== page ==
NDP support on the other hand while taking a noticeable and dramatic nosedive back in April has since rebounded, the NDP has been generally polling in between 24 to 28% since late August. Well above traditional levels of NDP support in between 1993 and 2011 when it was indeed a third party. Some polls have put the NDP at only a few percentage points behind both the Liberals and Conservatives and nearly half of the Canadian electorate has indicated a potential willingness to vote NDP. Even in the polls were the Liberals have a significant lead (though still under 40%) it should be noted that the two parties are generally tied in Quebec. There is also a general media consensus that Thomas Mulcair sounds more impressive in the House of Commons and why wouldn’t he? Unlike Justin, Tom is a seasoned and savvy politician. The two opposition leaders will be judged on their performances over the next year and a half, not on speculative polls and banter from Huffington Post columnists this past April. In that competition I genuinely think that Tom Mulcair will emerge as the winner. He is clearly more qualified to lead the country, he has actual substance and sounds like a leader.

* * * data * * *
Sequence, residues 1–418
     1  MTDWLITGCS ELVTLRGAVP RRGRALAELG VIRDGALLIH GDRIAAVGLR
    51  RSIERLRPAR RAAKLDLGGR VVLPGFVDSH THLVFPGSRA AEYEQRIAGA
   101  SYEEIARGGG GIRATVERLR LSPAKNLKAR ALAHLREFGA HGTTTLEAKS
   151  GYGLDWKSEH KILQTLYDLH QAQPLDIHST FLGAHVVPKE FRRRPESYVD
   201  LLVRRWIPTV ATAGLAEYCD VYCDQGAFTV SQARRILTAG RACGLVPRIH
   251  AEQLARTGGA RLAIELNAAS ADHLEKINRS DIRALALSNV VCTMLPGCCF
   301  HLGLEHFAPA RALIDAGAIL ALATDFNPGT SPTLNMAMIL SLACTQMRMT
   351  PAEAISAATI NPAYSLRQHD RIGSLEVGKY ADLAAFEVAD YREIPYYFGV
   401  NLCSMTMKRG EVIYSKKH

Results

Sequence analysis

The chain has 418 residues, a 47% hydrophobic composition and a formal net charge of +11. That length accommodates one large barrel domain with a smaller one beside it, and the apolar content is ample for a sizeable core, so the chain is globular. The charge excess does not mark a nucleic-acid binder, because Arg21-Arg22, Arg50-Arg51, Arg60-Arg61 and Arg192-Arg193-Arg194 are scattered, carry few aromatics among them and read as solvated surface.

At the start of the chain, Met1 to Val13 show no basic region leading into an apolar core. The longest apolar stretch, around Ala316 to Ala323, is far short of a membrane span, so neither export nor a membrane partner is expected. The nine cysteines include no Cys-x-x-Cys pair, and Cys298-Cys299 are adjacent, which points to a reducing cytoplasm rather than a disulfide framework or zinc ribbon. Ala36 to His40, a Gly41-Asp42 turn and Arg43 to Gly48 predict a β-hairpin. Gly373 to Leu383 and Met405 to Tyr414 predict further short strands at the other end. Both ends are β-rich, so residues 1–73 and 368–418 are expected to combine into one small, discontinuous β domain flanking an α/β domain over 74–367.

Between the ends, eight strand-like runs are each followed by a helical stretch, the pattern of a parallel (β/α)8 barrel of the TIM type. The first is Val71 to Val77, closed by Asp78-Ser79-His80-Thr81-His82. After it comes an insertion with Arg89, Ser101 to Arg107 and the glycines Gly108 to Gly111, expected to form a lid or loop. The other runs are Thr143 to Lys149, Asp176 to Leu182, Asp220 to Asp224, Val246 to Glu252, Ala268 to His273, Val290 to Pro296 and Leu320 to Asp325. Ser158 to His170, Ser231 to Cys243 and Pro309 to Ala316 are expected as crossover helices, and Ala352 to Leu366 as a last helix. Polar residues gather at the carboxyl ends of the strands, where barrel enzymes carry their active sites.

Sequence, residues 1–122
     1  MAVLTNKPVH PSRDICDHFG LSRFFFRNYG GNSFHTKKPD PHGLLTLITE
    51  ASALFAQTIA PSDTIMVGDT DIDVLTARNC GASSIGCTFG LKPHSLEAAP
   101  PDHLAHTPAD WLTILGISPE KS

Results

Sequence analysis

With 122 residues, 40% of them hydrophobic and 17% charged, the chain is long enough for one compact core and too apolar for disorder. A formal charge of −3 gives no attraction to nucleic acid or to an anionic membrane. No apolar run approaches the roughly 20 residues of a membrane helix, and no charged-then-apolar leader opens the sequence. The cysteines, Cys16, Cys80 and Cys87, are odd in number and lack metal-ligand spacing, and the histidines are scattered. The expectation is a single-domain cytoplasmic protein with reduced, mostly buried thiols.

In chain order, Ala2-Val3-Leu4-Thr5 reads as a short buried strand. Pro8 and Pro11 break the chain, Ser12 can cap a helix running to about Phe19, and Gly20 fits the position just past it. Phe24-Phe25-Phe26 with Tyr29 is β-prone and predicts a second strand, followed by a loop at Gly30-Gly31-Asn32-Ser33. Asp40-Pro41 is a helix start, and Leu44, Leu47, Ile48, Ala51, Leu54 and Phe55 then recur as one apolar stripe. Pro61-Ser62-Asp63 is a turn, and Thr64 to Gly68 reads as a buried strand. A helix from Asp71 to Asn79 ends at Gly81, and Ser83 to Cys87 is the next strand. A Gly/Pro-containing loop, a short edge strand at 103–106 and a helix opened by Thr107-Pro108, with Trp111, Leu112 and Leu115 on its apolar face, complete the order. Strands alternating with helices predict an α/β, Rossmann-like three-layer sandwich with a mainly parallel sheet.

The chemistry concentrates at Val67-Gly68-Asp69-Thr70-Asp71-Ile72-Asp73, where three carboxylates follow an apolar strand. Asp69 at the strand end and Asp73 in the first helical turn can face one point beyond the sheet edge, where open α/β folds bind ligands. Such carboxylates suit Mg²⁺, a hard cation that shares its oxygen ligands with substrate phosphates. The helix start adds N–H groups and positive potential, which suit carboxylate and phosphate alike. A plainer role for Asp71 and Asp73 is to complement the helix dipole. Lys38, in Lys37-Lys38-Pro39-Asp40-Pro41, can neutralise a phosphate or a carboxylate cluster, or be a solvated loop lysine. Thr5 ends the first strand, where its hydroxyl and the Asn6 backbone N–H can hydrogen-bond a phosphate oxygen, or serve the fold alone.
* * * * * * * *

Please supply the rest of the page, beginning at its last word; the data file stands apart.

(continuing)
Any attempt to predict the outcome of the 2015 election on opinion polls taken during a leader’s honeymoon is silly for lack of a better word. It should be remembered that the NDP was polling in between 35-38% after Tom became leader, likewise the Liberals had a significant lead under Dion and then Ignatieff. Honeymoons are great but they don’t last.

  11. Chris Gilmore   October 24, 2013 at 8:56 AM